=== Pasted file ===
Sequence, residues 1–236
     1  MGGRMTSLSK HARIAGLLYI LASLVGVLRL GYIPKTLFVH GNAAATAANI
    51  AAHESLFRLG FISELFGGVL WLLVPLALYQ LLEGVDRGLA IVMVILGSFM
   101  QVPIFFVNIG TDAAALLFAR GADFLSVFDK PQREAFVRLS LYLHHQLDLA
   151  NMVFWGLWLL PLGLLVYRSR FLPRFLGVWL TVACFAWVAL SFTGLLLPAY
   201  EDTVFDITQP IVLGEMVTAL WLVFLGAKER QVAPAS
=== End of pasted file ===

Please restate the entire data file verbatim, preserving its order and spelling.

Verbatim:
Sequence, residues 1–236
     1  MGGRMTSLSK HARIAGLLYI LASLVGVLRL GYIPKTLFVH GNAAATAANI
    51  AAHESLFRLG FISELFGGVL WLLVPLALYQ LLEGVDRGLA IVMVILGSFM
   101  QVPIFFVNIG TDAAALLFAR GADFLSVFDK PQREAFVRLS LYLHHQLDLA
   151  NMVFWGLWLL PLGLLVYRSR FLPRFLGVWL TVACFAWVAL SFTGLLLPAY
   201  EDTVFDITQP IVLGEMVTAL WLVFLGAKER QVAPAS